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If You’re Not Yet Like Me

Edan Lepucki is a master at characterization and humor. Her novella If You’re Not Yet Like Me, narrated by a pregnant woman describing to her unborn child the series of events leading to its conception, would likely be a sentimental flop if not for the enormous personality of its protagonist, Joellyn. Joellyn is a woman who boosts her self-esteem by gazing at her breasts in the bathtub faucet, whose reflection makes them huge, “the nipples wide-eyed, like they’d just walked into their own surprise party.” She is someone who imagined as a kid that she would grow up to be a Valkyrie, warrior-type woman, “vicious and beautiful, the roar of some exotic animal made physical.” She habitually imagines herself intimate with men she’s not attracted to and sleeps with them as good deeds, but wears the ugliest pair of underwear she owns on first dates to prevent herself from taking off her clothes too early.

Edan Lepucki is a master at characterization and humor. Her novella If You’re Not Yet Like Me, narrated by a pregnant woman describing to her unborn child the series of events leading to its conception, would likely be a sentimental flop if not for the enormous personality of its protagonist, Joellyn. Joellyn is a woman who boosts her self-esteem by gazing at her breasts in the bathtub faucet, whose reflection makes them huge, “the nipples wide-eyed, like they’d just walked into their own surprise party.” She is someone who imagined as a kid that she would grow up to be a Valkyrie, warrior-type woman, “vicious and beautiful, the roar of some exotic animal made physical.” She habitually imagines herself intimate with men she’s not attracted to and sleeps with them as good deeds, but wears the ugliest pair of underwear she owns on first dates to prevent herself from taking off her clothes too early.

It’s for these reasons and in this way that Joellyn picks up Zachary at a coffee shop, a man she describes as bland and invisible. She says, “The coffee shop boasts dozens of men like Zachary. They drink their coffee, they surf the internet, they work on their scripts, their cell phones waiting dumb on the table.” Yet Zachary is one of only two men she throws caution to the wind for, for whom she reveals her ugliest panties. It is on this first date, as they approach her apartment, that she becomes most vulnerable and human, thinking,

Empty wine bottles filled the recycling bin, as did—dear God—a broken-down box that had once held 40 super-absorbency Tampons. Probably, at this very moment, a cockroach was giving birth on my kitchen floor. That day, I had failed, once again, to make the bed, and my side table was strewn with used tissues, which suggested that I either had a snot problem, or that I cried myself to sleep every night. Or that, like a man, I masturbated into Kleenexes.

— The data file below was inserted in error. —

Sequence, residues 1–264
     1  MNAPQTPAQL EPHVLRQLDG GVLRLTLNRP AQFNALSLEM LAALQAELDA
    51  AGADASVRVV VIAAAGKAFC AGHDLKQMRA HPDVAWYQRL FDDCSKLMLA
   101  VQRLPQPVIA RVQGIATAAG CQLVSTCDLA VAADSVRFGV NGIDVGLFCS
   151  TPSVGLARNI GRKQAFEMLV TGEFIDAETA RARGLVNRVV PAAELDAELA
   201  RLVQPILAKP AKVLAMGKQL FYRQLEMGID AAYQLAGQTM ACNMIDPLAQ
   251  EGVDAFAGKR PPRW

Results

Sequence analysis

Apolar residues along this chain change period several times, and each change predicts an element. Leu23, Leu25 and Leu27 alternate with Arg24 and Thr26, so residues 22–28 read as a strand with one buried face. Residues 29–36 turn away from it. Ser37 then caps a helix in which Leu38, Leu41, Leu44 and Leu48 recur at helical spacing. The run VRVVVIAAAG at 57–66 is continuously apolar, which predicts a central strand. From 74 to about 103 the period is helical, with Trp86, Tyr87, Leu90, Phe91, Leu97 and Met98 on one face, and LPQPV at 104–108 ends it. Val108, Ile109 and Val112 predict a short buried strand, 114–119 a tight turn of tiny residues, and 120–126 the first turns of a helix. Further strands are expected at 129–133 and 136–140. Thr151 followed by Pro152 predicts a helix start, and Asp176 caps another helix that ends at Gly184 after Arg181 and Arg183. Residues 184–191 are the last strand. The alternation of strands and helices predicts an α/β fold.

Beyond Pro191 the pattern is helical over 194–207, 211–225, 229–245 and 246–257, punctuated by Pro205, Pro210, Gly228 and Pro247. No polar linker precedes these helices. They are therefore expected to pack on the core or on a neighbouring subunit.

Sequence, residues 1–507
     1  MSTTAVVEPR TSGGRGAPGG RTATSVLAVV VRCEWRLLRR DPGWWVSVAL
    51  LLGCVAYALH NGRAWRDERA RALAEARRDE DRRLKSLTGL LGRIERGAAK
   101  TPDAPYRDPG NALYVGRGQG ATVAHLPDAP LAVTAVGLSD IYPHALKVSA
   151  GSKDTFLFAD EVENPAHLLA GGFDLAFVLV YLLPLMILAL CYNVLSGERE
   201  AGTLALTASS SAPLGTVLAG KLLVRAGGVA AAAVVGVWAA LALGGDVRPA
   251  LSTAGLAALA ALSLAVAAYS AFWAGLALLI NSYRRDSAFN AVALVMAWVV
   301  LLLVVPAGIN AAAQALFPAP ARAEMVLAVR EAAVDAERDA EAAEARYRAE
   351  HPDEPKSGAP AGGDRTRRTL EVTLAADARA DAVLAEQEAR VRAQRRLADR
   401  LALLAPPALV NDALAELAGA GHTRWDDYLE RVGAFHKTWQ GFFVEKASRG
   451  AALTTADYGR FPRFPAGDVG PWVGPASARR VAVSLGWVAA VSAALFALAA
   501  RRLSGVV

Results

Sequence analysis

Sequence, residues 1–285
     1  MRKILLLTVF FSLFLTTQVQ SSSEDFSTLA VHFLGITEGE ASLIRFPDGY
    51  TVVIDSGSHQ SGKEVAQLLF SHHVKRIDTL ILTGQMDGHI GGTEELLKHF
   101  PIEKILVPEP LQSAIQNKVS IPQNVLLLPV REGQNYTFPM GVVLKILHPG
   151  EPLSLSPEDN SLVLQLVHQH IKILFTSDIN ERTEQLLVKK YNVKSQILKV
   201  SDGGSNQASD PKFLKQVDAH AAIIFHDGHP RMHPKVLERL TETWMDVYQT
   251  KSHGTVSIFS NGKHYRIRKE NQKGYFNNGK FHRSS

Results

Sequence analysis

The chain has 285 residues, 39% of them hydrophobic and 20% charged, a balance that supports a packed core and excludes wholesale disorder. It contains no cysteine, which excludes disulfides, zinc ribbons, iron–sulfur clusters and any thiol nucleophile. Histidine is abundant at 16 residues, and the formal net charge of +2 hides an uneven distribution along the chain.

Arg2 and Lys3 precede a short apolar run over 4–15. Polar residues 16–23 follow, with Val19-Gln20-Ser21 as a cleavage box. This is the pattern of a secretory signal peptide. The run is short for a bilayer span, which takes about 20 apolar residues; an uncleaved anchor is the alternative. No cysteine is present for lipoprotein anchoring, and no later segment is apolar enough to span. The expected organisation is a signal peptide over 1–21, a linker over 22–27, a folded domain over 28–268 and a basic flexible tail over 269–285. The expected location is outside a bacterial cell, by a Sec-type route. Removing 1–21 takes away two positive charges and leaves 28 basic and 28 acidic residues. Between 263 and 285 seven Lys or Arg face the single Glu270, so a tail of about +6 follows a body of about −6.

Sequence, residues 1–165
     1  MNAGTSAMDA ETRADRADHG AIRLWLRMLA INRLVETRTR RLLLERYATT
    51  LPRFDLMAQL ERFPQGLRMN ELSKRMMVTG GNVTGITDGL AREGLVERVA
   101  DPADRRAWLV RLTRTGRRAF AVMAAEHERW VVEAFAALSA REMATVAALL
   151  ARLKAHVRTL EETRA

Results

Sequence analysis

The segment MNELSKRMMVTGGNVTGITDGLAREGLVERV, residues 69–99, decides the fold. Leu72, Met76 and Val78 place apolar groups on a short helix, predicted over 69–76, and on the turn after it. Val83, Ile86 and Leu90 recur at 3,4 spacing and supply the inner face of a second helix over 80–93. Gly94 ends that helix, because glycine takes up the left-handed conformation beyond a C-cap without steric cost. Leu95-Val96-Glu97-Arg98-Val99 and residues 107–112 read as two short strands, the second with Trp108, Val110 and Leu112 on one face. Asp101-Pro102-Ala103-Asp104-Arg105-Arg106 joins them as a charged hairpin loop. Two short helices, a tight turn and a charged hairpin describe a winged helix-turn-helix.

When she thinks of these things, she fears that Zachary will find her out, discover that her personality is a façade, after which the whole enterprise could fall apart.

The fragility of Joellyn’s self-made persona and of the narrative she keeps playing out, thinking it one she has control over, makes the novella appealing. It is an honest story told with an honest voice by a hopelessly flawed human being. Joellyn may be a self-absorbed, egotistical bitch, but it feels good to spend time with someone who is unapologetic about her imperfect past and her even more precarious future.

Lepucki pairs her novella with the story “I Am the Lion Now,” an apt companion piece which features Margaret, another expectant mother who enacts femininity unconventionally and covers up her insecurity with a fierce and confident roar. She takes baths in grimy bathtubs but doesn’t mind the filth, which won’t scrub clean: “She also kissed dogs on the mouth, didn’t wash her fruit. Let the squeamish suffer their fear.” As it turns out, it is her husband Toby who is the squeamish one, who yells “Holy fucking shit!” when a baby possum enters the house but later begs his wife to be allowed to keep and raise the infant pet. It is this gender reversal, Toby’s vulnerability and Margaret’s lack of tenderness, that makes the story poignant. Toby is the one who swaddles the tiny animal intruder in a towel and cuddles it against his chest, but it is Margaret who carries their own child in her belly, a baby that senses her unease. With an unusual omniscient point-of-view, Lepucki allows readers quick glimpses into the womb, where we see this couple’s child develop its own sense of worry and listen as its parents navigate marriage in the days before they become parents.

Lepucki has put on the page the narratives of two hugely memorable women who know exactly who they are but wonder, with motherhood looming, if they can continue to embrace their flaws when doing so might mean passing such flaws down to their children. But with enormous personalities and unavoidable quirks, it seems unlikely that Joellyn and Margaret could be anything but themselves. As readers, we can forgive them for that. We are just grateful to be with them to laugh at the humor they use to diffuse their anxiety.

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